Opera MODO is transforming the medium

The Detroit performing arts organization strives for inclusion, accessibility and growth in a changing industry.

Pat Roache (left) and Danielle Wright (right) at the station.

,

A classic comedic opera was given a new lease on life, thanks to Opera MODO. The Detroit arts organization is known for reinventing opera for a new audience and rethinking the way these stories get told. Their latest endeavor translated Gaetanno Donizetti’s “Don Pasquale” into a story of queer acceptance and solidarity, titled “D[x]n Pasquale.” Two of the show’s organizers joined CultureShift in the studio last week.

Pat Roache was the director for this production. They said the two-year delay brought on by the pandemic gave them a unique opportunity to meticulously incorporate more of their own experiences into the new translation of the show.

“So much of this is about visibility for me. And not just for me. If there’s one thing that I want people to take away from seeing this show, it is a queer perspective or a queer identity that they either hold a taboo of, have never really thought about or just don’t have knowledge of, and can leave treating it a little bit more as a normal part of life and society.”

Inclusion and accessibility are at the forefront of MODO’s values. The organization uses an app that displays subtitles for any non-English dialogue in their performances. For this show, they used it to define words or phrases that audience members may not be as familiar with. For example, kink: a non-standard sexual practice or interest.

“So anyone who thinks that kink is this horrible, terrible, scary thing can see [its definition] from Marriam-Webster’s dictionary and be like, ‘Oh, I have one of those! I trust that source, and that’s not scary at all!’”

 

Opera MODO 2022 summer season poster.

Danielle Wright is the founder and executive director of Opera MODO. They said the organization strives to have audience members of all types represented onstage. From polyamory to nonbinary familial dynamics, this show speaks to a wide range of experiences.

“To me, that’s what art is for. We want to see ourselves. It’s part of the healing, it’s part of the growth that you see yourself actually represented onstage. And unfortunately, with the medium of opera, that’s not necessarily what it is right now.”

Although their summer season has closed, their work is far from over.

“What we’re really trying to figure out is, how do we maintain these amazing works that are already existing in beautifully written ways, but then update the story to make them relevant and modern and accessible and interesting to this generation and generations to come?”

While other opera companies are only just starting to modernize their content in small doses, MODO has been doing radical transformative work for over ten years. Wright says this ability to adapt is vital to the longevity of their art form.

“We have to keep pushing it forward, and if we don’t, to me, the medium’s gonna die.”

And their approach is working. Xe affectionately refers to MODO as “the gateway drug of opera.” Their original updates bring younger audiences in, overcoming the assumption that opera as a whole is an antiquated medium, and then those audience members are more willing to give other operas a chance where they wouldn’t have otherwise.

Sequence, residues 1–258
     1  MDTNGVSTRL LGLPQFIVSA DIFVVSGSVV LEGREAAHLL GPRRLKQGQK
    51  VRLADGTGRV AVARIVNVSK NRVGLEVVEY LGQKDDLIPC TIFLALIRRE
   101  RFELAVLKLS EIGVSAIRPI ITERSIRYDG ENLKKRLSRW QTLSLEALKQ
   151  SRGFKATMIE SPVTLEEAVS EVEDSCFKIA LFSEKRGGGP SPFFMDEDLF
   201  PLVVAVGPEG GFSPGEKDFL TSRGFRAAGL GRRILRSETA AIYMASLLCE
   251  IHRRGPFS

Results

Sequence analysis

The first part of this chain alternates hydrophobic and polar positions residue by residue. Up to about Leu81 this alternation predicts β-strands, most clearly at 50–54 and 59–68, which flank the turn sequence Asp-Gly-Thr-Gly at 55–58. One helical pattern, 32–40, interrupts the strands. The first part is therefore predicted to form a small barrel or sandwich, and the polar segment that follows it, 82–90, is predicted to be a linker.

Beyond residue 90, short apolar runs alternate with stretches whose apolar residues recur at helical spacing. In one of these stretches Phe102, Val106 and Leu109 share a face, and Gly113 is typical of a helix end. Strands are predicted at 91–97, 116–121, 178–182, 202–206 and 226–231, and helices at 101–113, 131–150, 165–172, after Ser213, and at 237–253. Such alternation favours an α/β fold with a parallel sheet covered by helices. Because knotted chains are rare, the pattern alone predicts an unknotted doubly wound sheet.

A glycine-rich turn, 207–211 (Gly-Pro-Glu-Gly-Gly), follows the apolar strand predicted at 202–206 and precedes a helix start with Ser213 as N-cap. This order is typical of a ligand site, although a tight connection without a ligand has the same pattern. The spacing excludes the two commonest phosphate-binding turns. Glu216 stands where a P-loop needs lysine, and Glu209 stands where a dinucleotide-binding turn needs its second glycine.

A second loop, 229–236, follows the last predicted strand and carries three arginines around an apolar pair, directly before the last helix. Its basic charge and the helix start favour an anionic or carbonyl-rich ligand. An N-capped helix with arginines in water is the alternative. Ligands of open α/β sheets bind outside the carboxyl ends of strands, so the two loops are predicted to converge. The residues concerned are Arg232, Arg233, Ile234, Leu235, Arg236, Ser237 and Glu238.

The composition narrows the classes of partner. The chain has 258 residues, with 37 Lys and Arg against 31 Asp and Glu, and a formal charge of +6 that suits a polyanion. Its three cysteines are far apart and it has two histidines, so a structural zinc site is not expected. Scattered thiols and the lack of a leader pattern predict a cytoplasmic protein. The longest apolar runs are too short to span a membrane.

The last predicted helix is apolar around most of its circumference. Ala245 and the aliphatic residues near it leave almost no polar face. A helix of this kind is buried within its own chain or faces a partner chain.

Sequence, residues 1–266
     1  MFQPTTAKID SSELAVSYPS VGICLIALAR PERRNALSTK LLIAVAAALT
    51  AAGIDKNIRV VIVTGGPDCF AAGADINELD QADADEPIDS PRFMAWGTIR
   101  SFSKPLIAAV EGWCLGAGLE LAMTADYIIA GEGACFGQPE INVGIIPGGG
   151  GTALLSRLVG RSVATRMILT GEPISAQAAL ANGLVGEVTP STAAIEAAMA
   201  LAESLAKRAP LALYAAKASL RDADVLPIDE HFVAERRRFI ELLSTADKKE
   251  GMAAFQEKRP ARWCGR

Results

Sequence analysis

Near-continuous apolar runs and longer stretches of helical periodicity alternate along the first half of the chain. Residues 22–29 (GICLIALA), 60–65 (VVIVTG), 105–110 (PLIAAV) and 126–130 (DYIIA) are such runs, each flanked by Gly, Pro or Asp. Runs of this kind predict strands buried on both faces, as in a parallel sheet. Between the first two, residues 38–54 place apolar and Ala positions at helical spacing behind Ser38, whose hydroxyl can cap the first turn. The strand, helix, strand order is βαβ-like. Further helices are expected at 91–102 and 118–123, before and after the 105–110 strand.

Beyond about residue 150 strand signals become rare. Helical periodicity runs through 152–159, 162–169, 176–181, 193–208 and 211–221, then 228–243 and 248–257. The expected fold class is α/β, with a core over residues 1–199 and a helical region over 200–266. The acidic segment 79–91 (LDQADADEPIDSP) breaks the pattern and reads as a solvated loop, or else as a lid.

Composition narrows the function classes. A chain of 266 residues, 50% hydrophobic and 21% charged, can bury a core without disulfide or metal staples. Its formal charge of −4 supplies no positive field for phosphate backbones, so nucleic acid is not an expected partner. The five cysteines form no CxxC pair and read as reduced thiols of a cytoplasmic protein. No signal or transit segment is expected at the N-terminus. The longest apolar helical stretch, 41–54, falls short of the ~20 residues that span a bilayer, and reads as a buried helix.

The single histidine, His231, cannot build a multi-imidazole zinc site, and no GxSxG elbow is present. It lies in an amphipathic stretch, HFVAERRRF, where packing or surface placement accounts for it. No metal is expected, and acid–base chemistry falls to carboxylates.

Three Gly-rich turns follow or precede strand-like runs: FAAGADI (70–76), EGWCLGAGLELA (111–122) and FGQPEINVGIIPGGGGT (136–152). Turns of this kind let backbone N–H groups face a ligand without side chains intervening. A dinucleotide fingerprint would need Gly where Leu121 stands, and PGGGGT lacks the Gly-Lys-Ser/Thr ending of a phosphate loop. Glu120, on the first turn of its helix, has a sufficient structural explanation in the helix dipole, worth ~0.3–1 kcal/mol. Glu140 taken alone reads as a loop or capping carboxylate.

“It’s part of the healing, it’s part of the growth that you see yourself actually represented onstage. And unfortunately, with the medium of opera, that’s not necessarily what it is right now.” — Danielle Wright, Opera MODO

In addition to overcoming stereotypes in the eyes of their audience, MODO also hopes to overcome expectations regarding what it means to be an artist. Wright says that settling down with a family and benefits is often not conducive with the lifestyle of an opera singer, and xyr organization works to challenge that in Detroit.

“I fell in love with all these incredible performers who want this to be their home base… And I wanted them to be able to sink their teeth into their artistry and keep evolving and growing, because that’s still success as an artist.”

Roache says MODO’s creative community ranges from current students at Wayne State to seasoned, established professionals from Detroit and afar. And as for the greater Detroit art scene, they compare it to a Petri dish – as a compliment, of course.

“The bacteria that you’re growing in there is funky and weird and wild and cool and it doesn’t need to be held back.”

Wright says the Detroit art scene is as inclusive as it is active.

“The world is your oyster. Literally everybody here is represented. If you’re interested in something, you can find it. And if you can’t, then you just need to ask. Somebody somewhere knows something amazing that’s going on here at all times.”

It seems that Opera MODO will be contributing something amazing to the city for years to come.


Listen: Opera MODO’s Danielle Wright and Pat Roache talk transforming opera, changing industry

 

Trusted, accurate, up-to-date.

WDET strives to make our journalism accessible to everyone. As a public media institution, we maintain our journalistic integrity through independent support from readers like you. If you value WDET as your source of news, music and conversation, please make a gift today.

Donate today »

Authors

  • Sophia Jozwiak is the Digital Content and Communities Assistant for 101.9 WDET.

  • Ryan Patrick Hooper is the award-winning host and producer of CultureShift on 101.9 WDET-FM Detroit’s NPR station. As a longtime arts and culture reporter and photographer, Hooper has covered stories for NPR, Detroit Free Press, Hour Detroit, SPIN and Paste magazine.